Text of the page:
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Phillies 5, Red Sox 0

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Phillies ace Lee silences Red Sox to post his third straight shutout

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By Peter Abraham
Globe Staff / June 29, 2011

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PHILADELPHIA — Red Sox manager Terry Francona has been debating the wisdom of using David Ortiz at first base and Adrian Gonzalez in right field for several days.

He will wait until tonight to try it. Given how Cliff Lee pitched for the Phillies last night, that is probably a good idea. No one hitter would have made a difference.

The hottest pitcher in baseball came up against the best offense and dominated it. Lee fired a two-hitter for his third consecutive shutout as the Phillies beat the sliding Sox, 5-0, before 45,714 at Citizens Bank Park.

The Red Sox have lost five of their last six games, scoring only 14 runs. They are 1 1/2 games behind the Yankees in the division.

Francona told one group of reporters he had not made out his lineup for tonight. But in an interview with NESN, the team’s television network, he said it was likely Ortiz would play first base, and that meant putting Gonzalez in right field.

“That’s what they tell me,’’ Ortiz said.

The scheme was hatched before Lee shut the Sox down on 112 pitches. That only had to solidify Francona’s resolve to try to find a way to get his club going again. General manager Theo Epstein, here for the series, discussed the situation with Francona before the game.

Putting Ortiz in the lineup could be a remedy. The No. 5 hitter last night was Darnell McDonald, who entered the game 5 for 46 this season with one extra-base hit and three RBIs. Jason Varitek hit sixth for the first time this season, and Mike Cameron, a .154 hitter, hit seventh.

Ortiz has not played first base since last June 27. He took ground balls at first during batting practice yesterday. Ortiz is usually the designated hitter, an option not available when playing interleague road games.

“I think it’s awful,’’ Francona said. “I don’t blame him for not being happy. He’s having a great year and he’s not playing. That’s awful.’’

The risk is Gonzalez injuring himself playing right field. The first baseman is hitting .357 with 71 RBIs and his loss would be devastating to the team’s postseason aspirations.

Gonzalez has experience in right field in the Mexican Winter League but has played only one game there in the majors. That came Sept. 30, 2005. He has voiced a willingness to play the outfield and believes there is a greater risk of injury playing first base.

“It’ll be good offensively, but damn, I’ve got to play second, first, and right,’’ second baseman Dustin Pedroia said. “That’s a lot of ground to cover, man. I’ve got small legs.’’

The better news for the Sox will be that rookie righthander Vance Worley will be pitching for the Phillies instead of Lee.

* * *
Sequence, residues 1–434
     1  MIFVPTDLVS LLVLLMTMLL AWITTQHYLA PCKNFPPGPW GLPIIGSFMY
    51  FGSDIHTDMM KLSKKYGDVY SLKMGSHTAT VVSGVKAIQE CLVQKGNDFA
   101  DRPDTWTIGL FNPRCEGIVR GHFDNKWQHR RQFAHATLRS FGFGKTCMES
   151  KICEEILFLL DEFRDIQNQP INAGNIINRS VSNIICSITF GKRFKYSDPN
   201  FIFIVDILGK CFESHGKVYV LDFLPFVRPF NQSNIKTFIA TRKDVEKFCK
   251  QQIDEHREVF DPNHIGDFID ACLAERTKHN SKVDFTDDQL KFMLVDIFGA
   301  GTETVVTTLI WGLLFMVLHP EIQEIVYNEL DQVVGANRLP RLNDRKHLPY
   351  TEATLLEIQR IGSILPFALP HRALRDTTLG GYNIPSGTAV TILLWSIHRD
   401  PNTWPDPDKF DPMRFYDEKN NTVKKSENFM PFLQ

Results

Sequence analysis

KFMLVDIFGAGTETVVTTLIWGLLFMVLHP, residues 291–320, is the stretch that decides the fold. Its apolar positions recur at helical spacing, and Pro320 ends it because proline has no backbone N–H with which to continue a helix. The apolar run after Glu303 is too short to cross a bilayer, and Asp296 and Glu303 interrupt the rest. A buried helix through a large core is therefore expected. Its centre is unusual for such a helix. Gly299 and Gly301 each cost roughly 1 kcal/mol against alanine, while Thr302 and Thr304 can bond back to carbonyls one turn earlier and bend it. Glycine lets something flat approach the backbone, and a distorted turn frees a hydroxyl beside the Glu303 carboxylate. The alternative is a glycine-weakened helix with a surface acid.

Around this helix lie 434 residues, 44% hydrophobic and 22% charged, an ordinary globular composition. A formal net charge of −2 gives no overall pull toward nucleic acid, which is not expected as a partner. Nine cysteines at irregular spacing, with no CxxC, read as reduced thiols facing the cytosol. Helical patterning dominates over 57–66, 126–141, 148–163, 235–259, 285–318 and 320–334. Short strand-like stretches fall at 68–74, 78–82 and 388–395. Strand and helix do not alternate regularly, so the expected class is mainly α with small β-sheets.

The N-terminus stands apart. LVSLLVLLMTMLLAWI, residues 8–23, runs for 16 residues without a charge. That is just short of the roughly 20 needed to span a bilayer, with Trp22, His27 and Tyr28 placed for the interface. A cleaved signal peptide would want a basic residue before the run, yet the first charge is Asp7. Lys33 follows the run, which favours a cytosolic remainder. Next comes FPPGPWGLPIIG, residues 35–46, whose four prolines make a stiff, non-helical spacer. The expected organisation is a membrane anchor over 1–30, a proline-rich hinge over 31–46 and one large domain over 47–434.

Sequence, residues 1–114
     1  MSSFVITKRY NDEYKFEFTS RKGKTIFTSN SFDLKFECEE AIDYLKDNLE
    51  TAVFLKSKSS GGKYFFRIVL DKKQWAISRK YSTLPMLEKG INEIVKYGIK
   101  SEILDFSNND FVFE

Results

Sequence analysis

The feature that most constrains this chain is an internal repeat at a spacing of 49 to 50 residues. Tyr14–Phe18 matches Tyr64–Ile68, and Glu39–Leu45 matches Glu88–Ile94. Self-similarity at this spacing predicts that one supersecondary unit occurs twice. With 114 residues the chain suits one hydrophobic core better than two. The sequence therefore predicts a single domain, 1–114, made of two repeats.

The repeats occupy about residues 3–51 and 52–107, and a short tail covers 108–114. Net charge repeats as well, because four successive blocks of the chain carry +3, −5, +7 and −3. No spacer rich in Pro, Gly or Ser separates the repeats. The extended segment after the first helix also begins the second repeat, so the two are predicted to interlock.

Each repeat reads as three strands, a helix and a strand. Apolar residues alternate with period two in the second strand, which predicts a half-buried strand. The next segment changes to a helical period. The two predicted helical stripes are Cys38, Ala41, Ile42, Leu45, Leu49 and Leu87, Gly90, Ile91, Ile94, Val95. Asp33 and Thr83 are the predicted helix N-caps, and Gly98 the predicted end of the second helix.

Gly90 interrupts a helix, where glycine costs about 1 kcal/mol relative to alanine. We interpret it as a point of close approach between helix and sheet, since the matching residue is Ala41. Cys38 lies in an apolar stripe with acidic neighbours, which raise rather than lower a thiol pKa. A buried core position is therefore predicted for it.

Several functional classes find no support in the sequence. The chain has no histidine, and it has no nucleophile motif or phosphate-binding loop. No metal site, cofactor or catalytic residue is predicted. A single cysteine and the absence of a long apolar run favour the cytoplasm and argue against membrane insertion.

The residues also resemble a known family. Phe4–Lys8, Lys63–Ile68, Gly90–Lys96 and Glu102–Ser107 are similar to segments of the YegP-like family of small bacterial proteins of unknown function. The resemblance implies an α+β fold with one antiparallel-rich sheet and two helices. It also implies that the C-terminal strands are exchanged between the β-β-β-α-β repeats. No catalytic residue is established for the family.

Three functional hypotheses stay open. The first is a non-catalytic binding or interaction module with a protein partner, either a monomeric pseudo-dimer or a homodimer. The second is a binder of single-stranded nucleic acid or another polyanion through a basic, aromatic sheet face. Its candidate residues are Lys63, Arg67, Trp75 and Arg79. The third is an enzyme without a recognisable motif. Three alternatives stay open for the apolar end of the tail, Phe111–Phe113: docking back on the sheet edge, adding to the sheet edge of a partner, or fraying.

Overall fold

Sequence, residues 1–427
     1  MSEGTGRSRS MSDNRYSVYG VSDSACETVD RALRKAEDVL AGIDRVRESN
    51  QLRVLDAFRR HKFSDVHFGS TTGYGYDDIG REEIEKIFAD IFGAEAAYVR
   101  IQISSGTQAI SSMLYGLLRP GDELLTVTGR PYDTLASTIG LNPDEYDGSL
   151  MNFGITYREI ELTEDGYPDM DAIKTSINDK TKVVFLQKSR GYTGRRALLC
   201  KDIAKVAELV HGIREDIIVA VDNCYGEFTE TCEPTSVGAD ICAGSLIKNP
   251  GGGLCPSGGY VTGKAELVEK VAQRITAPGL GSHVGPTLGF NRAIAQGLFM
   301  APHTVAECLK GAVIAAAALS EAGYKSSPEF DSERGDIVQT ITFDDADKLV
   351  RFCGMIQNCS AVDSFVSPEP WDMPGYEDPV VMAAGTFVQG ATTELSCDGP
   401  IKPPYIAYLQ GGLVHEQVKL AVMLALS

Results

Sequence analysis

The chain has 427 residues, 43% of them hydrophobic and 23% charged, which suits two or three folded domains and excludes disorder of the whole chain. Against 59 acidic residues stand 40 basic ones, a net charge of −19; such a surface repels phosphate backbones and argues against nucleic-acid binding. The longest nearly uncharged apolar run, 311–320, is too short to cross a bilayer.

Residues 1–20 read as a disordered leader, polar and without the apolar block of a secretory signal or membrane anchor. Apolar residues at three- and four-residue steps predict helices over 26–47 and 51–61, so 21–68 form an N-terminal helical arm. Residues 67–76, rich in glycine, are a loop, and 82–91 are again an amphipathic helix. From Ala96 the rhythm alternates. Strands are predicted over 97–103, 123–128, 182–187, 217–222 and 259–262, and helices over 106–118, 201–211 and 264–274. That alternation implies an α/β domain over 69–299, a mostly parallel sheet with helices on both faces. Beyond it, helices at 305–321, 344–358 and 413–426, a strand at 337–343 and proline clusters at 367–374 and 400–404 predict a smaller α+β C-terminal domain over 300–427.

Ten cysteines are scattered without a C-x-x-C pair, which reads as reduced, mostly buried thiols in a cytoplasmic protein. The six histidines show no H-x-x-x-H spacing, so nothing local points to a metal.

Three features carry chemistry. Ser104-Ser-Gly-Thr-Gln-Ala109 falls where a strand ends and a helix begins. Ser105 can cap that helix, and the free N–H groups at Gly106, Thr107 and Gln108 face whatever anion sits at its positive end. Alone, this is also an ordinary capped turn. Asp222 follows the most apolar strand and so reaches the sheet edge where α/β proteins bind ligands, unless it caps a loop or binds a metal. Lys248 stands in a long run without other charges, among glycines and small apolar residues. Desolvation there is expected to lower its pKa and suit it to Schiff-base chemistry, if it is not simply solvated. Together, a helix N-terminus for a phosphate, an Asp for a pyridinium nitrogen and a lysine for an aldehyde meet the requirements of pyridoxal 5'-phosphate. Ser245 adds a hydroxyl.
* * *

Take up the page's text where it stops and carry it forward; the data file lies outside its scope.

Lee (9-5) did not give up a hit until the sixth inning and allowed only one runner as far as second base. He walked two and struck out five.

The two hits were a season low for the Sox.

“He was in command of the game from start to finish. He’s one of the best pitchers in the game and he’s riding a hot streak. That’s a bad combination,’’ Francona said. “He had his way with us.’’

Lee has gone 32 innings without giving up a run and is 5-0 with a 0.21 earned run average in his last five starts, giving up one run on 21 hits over 42 innings.

“They’re a good team. I was anticipating it being a closer game from start to finish,’’ said Lee, the first Phillies pitcher to throw three straight shutouts since Robin Roberts in 1950.

The Sox did not get their first hit until Marco Scutaro singled. The only other hit was a double by McDonald in the eighth inning.

“He’s relentless with executing. Obviously putting up three shutouts like that in a row is pretty impressive,’’ said Sox starter Josh Beckett (6-3), who allowed five runs in six innings to take the loss.

Lee came into the game winless in his five previous starts against Boston. But it was evident this game would be different when he retired 15 of the first 16 batters and only three balls left the infield.

One of the best swings was by Beckett, who lined to first base in the third inning.

Beckett had gone 12 days between starts, a case of the flu leaving him bedridden for several days. He allowed a two-run homer by rookie Domonic Brown in the second inning and another by Shane Victorino in the sixth inning.

Lee had a sacrifice fly in the fifth inning.

“I left some pitches up,’’ Beckett said. “You can’t give [Lee] that cushion that early. You’ve got to battle a little better than that. You can’t give that guy two runs in the first or second inning.’’

Peter Abraham can be reached at pabraham@globe.com. Follow him on Twitter @peteabe.

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